Citizen Ship Belfast 2013. Nos. 28. One man’s field is another man’s prison….

Citizen Ship Belfast 2013. Nos. 28.
One man’s field is another man’s prison.

My father died from heart complications, at the age of 52 in Belfast, 1981. He was an architect and a Civil Servant. He was born in Milford, Co. Donegal, a distant field. His father was born in Newry, another field. His father, my great grandfather, was born in Canada in 1864, some fields and a big river away. His father, my great, great grandfather was born in West Meath around 1828. He joined a British Irish regiment, lived in Canada for ten years, then settled in Kilkenny from 1870 on . . . So which field, based on my family’s male line, should I choose to call my own?

Is there only one field or can I choose to seek out other fields beyond the tight restricting boundaries of that one field? This poem is my answer, along with this family collage for, in a way, our ancestors are always with us . . . RSH 8.7.13

The Gate in the Field.

I wandered across the fields that day.
Until I came to what I thought was my own gate.
Two stout Ulster pillars.
White, washed and phallic.
Standing before me and yet
Through the gate, on the other side
In the middle of the field
Stood people I recognised.
My grandparents.

Four people, two couples.
Talking with my father.
Past on, these twenty seven years.
Laughing now with Eva, Etta, Alec and Agnes.
Relations all, fresh across the soil to join him.
And though I thought this impossible
I didn’t question reunion’s gift.

“There’s your next gate” they indicated with a smile.
My father gave me a big hug.
A warm embrace, so long needed.
Then let me go, his last Dandy-Lion seed.
To float and grow a little more.
My seed head spinning out in the breeze.
The next gate had no posts.
But hung off two trees.
It rested and beckoned me cross.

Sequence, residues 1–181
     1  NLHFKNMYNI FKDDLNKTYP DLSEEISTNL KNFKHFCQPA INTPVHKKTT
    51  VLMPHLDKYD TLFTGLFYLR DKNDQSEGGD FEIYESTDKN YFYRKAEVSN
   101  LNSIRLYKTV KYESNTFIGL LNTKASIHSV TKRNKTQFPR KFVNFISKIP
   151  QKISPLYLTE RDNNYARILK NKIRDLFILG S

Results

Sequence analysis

To move through time.
I clambered over
And there, on the other side
Was a small crowd of people.
My cold narrow field
Emerged through the morning mist.
Hazy, sun kissed, flowered and green.
Abundant with the seed of my ancestors.

For here they were.
Gathered all, before me.
My narrow field.
Narrow, almost boxed in my lifetime
Grew broad.
Broader beyond belief
By seeing their existence.

Through seven fields I walked that day.
Recognising faces I had never known.
For in them I saw my own face.
Clasping the hands of those
Who knew not the custom.
Yet amongst them I stood.

In the late afternoon
I reached the eighth field
Their faces changing all the time to a darker hue.
The colour of their skin, the colour of their eyes.
Darkening as the sun sat lower in the sky.
Darkening, my ancestors.

By now the field was so big
It seemed to have no boundaries.
And my white, freckled, palette
Seemed an improbable canvas.
I felt a mere daub, a wee squirt
Swimming from their ancientness.

Their colours washing over me.
These dark smiling faces
Encircling me with their love.
People welcoming me.
Hugging me as my father had.

I knew I was home now.
For this was my field
My only field.
A field without walls.

“The Gate in the Field.”
By Randall Stephen Hall. © 7.7.06 – 23.8.07
First performed at Glencree 2007.
Citizen Ship Belfast 2013. Nos 28.